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NOAA satellites helped rescue 340 people in 2018

The pilot of the rowboat Alba had a noble goal – to raise awareness and funds for the Scottish Association for Mental Health. And he was going to row 3,400 nautical miles, from Norfolk, Va., to his home in Scotland, to ...

Satellite radio

A satellite radio or subscription radio (SR) is a digital radio signal that is broadcast by a communications satellite, which covers a much wider geographical range than terrestrial radio signals.

For now, satellite radio offers a meaningful alternative to ground-based radio services in some countries, notably the United States. Mobile services, such as Sirius, XM, and Worldspace, allow listeners to roam across an entire continent, listening to the same audio programming anywhere they go. Other services, such as Music Choice or Muzak's satellite-delivered content, require a fixed-location receiver and a dish antenna. In all cases, the antenna must have a clear view to the satellites. In areas where tall buildings, bridges, or even parking garages obscure the signal, repeaters can be placed to make the signal available to listeners.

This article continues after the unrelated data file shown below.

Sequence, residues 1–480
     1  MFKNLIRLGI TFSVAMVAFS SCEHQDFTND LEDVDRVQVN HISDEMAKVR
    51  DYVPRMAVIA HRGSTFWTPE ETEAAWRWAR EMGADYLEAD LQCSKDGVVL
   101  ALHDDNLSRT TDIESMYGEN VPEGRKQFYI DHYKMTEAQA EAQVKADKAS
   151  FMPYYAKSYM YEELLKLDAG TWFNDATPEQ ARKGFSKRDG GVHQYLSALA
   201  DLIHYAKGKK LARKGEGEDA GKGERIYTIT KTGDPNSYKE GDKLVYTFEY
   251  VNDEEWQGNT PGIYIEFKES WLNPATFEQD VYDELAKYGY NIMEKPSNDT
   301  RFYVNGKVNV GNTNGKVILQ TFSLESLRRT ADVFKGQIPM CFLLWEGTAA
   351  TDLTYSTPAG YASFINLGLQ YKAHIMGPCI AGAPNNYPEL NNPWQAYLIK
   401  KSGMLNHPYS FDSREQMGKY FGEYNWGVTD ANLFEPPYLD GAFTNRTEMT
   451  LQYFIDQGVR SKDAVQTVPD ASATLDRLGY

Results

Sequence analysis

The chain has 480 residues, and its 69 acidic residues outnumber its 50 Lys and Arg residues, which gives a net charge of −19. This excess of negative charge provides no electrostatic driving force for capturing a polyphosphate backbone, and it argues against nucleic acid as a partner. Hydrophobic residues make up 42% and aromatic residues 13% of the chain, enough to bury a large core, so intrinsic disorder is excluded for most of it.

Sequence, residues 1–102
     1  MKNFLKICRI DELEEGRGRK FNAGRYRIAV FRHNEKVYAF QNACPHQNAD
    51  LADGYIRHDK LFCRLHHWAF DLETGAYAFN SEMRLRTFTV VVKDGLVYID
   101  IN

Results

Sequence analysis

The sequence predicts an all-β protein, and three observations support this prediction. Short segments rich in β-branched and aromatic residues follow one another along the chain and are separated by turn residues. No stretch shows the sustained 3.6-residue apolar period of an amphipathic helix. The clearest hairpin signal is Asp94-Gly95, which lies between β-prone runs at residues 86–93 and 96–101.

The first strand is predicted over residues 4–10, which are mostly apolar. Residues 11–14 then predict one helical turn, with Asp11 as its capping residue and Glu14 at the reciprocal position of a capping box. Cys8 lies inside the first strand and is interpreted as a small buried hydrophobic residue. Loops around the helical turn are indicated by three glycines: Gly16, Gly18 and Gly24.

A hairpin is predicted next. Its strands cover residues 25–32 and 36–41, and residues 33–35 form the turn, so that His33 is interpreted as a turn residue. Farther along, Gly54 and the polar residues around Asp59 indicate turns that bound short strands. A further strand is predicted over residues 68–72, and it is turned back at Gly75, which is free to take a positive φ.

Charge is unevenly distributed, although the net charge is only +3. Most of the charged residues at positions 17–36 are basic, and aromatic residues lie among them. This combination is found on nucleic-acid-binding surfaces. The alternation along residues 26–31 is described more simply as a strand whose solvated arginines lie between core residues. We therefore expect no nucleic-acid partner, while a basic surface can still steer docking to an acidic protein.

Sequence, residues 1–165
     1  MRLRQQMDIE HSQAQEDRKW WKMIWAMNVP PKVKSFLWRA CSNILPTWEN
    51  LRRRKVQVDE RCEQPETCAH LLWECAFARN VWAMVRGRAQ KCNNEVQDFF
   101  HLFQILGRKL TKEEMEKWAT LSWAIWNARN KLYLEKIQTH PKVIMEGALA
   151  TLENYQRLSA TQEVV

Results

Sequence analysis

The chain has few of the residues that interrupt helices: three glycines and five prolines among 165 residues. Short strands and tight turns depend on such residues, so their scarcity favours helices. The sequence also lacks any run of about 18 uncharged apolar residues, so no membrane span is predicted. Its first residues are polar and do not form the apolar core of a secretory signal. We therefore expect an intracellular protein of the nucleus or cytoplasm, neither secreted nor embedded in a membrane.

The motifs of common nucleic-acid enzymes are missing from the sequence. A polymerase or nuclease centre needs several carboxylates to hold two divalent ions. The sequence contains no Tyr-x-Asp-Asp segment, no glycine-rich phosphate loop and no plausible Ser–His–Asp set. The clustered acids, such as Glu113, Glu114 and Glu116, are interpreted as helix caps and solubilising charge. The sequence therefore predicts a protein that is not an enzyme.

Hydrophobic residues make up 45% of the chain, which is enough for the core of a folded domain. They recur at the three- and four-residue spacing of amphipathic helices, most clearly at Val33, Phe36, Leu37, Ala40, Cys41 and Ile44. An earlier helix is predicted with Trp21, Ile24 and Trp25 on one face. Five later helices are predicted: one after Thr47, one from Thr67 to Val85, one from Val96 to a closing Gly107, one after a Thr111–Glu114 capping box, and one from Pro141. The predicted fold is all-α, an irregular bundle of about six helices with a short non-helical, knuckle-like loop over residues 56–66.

Radio services are usually provided by commercial ventures and are subscription-based. The various services are proprietary signals, requiring specialized hardware for decoding and playback. Providers usually carry a variety of news, weather, sports, and music channels, with the music channels generally being commercial-free.

In areas with a relatively high population density, it is easier and less expensive to reach the bulk of the population with terrestrial broadcasts. Thus in the UK and some other countries, the contemporary evolution of radio services is focused on Digital Audio Broadcasting (DAB) services or HD Radio, rather than satellite radio.

This text uses material from Wikipedia, licensed under CC BY-SA